0:50:23.9 CC: The other piece of that purpose, though, is this notion of doing things on purpose. And that brings in intentionality. Part of the book, especially as you get to the fourth of the four pillars, is about showing leaders and organizations how to do things with more intention so that they can grow on purpose, so that they can understand, if this is what we are trying to accomplish as a business, both our mission day in, day out, and our vision that we are striving toward, then how do we make better decisions day to day and longer term that move us closer to those goals? Again, it’s the organizations that truly understand the purpose of their being and the purpose behind every decision they make are the ones that are going to grow in more sustainable ways.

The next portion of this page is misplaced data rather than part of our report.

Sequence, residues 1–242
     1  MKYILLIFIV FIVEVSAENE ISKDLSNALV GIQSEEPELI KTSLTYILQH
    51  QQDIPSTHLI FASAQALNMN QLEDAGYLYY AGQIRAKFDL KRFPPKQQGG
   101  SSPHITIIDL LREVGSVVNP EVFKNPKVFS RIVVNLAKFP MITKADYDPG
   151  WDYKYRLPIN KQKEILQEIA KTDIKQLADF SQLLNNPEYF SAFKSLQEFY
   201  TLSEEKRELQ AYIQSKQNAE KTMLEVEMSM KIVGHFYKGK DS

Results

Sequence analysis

0:51:21.4 WB: Yeah, very nice. I’m conscious of the time, Claire, and as always, time’s against us at the moment. But there is one final aspect I would love to introduce before we wrap up on the book, at least, perhaps at a very high level. And you’ve touched on it just in that answer. The four pillars. And these are the four pillars, essentially, the growth on purpose model. You refer to them as the four A’s. So I wonder if you could just quickly introduce what they are and the function of how they play a part in Growth on Purpose.